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Increasing support for Northern Ireland journalists

23 May 2020

Since the launch of a joint statement offering support for journalists and press freedom in Northern Ireland earlier this week, the initiative has been warmly welcomed and endorsed by many more supporters.

The NUJ extends thanks to all who participated in the launch and to the new supporters who have subsequently come forward.

The advert Stand up for Journalism was placed in three daily newspapers in Northern Ireland on Wednesday 20 May - in the Belfast Telegraph, Irish News and News Letter.

The statement acknowledged: "Attempts to intimidate journalists have come from dissident Republican and Loyalist paramilitary groups and are intended to prevent the media from investigating their activities and exposing criminality. Threats against journalists and media organisations have no place in our society. It is vital that such behaviour is not tolerated. No worker should be exposed to threats for doing their job."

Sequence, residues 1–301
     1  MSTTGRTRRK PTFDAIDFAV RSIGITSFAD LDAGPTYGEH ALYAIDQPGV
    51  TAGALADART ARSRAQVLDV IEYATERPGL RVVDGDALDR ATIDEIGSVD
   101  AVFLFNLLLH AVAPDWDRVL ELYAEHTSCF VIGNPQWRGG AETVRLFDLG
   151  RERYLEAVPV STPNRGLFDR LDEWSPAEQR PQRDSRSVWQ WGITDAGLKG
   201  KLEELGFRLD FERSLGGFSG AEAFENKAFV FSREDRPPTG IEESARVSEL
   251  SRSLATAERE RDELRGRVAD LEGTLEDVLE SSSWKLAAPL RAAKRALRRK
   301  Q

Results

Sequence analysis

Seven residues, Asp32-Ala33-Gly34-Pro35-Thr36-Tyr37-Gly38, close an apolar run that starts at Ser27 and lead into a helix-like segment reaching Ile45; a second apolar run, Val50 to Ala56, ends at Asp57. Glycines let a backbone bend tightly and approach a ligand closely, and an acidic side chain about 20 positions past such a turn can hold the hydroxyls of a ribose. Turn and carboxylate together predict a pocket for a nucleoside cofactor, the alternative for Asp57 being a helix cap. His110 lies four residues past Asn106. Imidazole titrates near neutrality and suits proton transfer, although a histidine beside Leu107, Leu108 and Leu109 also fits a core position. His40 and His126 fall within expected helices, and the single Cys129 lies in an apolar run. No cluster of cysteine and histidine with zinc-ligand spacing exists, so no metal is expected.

The initiative generated local and global endorsement for the launch, and once the statement was published the NUJ launched an online public petition encouraging people to add their name.

On Thursday 21 May, the Irish Examiner editorial, said:

"We salute a courageous and worthy initiative that asserts the right of journalists to work without threats, intimidation or harassment. Threats against journalists should not be tolerated in any free society."

Further pledges of support include  -

Sharan Burrow, the general secretary of the International Trade Union Confederation (ITUC) said:

"Too many workers have been killed and injured in Northern Ireland. In extending solidarity with those who have been threatened my thoughts are also with the bereaved families who have lost loved ones."

Esther Lynch, deputy general secretary of the European Trade Union Confederation (ETUC), said:

"At a time when journalists are playing an important role in providing independent, verifiable information it is alarming to learn that reporters and media organisations in Northern Ireland have again been threatened by paramilitary groups. I have watched this trend over the past year with growing concern. The health, safety and welfare of workers is of paramount importance and it is extremely encouraging to witness such strong cross-community support for journalists at this time. There is no place in a civilized society for the intimidation of journalists or of those who defend the media’s right to seek the truth, no matter how uncomfortable that may be for those under scrutiny."